Keywords: Clientelism, social psychology, efficacy, inequality
Kincaid, Harold, Miquel Pellicer, and Eva Wegner. 2023. “Philosophy of Science Issues in Clientelism Research.” In The Oxford Handbook of Philosophy of Political Science, edited by Harold Kincaid and Jeroen Van Bouwel, 395–418. Oxford University Press. https://doi.org/10.1093/oxfordhb/9780197519806.013.19.
Clientelism concerns the distribution of resources from politicians to voters in exchange for political support. It is a widespread phenomenon globally and generally thought to be a serious obstacle to full democracy. This chapter uses some current ideas from philosophy of science about the place of definitions, theories, mechanisms, holism of testing and contextual elements in explanation to address the successes and areas for improvement in the now burgeoning political science research on clientelism. We document the plurality of definitions of clientelism and show that they generally do not fit the traditional necessary and sufficient conditions notion of definitions. We argue that a plurality of definitions, definitions which are often informal in nature, is not necessarily a problem if research is cognizant of how it picks out clientelistic phenomena and does so in empirically fruitful ways. To advance a shared understanding of the phenomenon we propose a definition of clientelism based on three necessary conditions: inequality between patron and client, implicit conditionality, and exchange of resources for political support. We discuss explanatory frameworks by looking at, first, the general questions about clientelism that are being asked, second, the broad type and system of causes and the specific proposed causal factors that instantiate them, and third questions about evidence raised by alternative possible explanations.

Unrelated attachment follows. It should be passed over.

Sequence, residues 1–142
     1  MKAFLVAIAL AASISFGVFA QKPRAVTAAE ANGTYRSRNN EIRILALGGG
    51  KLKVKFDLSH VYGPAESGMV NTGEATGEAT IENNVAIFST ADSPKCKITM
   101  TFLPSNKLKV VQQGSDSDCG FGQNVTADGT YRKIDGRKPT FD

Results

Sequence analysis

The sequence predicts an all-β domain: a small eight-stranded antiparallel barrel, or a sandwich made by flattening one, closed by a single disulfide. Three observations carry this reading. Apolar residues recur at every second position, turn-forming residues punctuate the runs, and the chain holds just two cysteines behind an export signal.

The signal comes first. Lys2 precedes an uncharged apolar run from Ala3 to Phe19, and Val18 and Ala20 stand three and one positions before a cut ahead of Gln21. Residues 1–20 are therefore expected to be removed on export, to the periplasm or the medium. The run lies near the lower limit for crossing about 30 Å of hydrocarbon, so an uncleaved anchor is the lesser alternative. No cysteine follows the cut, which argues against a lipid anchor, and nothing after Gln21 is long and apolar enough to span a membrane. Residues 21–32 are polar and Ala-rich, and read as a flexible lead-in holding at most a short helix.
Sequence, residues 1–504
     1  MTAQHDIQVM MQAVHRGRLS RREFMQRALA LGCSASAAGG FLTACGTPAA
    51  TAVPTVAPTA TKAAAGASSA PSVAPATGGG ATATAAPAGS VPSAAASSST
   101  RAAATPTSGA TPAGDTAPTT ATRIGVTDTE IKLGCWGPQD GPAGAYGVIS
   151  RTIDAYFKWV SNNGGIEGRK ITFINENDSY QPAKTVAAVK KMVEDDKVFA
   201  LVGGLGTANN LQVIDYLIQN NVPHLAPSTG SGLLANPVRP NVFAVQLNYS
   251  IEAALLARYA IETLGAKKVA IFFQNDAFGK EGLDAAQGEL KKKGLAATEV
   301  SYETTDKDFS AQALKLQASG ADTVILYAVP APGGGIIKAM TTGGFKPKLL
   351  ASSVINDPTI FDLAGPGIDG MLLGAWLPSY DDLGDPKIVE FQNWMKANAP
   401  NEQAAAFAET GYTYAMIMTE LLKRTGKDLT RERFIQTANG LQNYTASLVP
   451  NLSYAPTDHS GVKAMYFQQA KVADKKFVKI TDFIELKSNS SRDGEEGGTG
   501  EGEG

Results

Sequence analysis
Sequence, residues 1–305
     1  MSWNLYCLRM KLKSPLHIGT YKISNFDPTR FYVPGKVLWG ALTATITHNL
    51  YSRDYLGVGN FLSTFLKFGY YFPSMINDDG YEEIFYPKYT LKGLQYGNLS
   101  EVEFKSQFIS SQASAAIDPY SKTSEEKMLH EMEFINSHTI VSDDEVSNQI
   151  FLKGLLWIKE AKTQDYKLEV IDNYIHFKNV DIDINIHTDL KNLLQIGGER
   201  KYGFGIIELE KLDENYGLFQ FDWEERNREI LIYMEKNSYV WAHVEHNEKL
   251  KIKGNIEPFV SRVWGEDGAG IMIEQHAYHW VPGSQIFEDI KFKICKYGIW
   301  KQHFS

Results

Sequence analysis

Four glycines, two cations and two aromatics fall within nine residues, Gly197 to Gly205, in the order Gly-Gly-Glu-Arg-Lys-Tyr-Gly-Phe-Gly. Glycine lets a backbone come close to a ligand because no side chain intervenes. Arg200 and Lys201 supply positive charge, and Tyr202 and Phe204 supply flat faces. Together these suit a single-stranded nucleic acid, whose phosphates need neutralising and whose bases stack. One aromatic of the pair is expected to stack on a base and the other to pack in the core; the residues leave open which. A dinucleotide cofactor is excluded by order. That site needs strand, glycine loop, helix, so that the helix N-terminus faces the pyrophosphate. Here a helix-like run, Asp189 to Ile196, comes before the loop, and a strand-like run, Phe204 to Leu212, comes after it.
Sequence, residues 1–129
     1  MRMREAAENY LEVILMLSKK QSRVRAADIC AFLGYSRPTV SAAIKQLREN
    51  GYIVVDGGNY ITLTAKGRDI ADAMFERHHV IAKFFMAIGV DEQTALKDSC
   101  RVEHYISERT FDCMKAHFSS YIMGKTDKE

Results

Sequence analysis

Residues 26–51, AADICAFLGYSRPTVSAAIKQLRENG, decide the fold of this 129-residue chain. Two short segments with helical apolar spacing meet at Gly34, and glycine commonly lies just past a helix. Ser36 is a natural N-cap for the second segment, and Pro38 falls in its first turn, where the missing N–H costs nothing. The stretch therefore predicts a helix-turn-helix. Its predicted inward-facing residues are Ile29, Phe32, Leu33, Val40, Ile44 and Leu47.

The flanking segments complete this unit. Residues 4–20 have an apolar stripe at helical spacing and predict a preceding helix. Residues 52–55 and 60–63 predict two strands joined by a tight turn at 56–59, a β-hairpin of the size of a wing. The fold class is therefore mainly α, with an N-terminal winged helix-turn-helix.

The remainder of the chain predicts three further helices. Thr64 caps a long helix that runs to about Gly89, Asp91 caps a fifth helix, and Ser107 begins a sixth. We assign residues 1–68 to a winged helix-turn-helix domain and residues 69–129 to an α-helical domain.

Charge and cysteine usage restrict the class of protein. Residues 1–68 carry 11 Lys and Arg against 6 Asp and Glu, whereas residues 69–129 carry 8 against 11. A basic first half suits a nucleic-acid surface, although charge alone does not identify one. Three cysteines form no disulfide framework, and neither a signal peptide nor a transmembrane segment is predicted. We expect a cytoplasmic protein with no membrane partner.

Political clientelism is a linkage between a political actor (the patron) and one or more citizens (the clients) that has three essential components. First, the patron provides some type of resource and the client provides political support. Second, there is mutual agreement that the main rationale for the exchange is its conditionality. Third, the patron is more powerful than the client(s).Definition
Pellicer, Miquel and Eva Wegner. “Clientelism in MENA Elections,” in Handbook on Elections in the Middle East and North Africa, edited by Francesco Cavatorta and Valeria Resta, forthcoming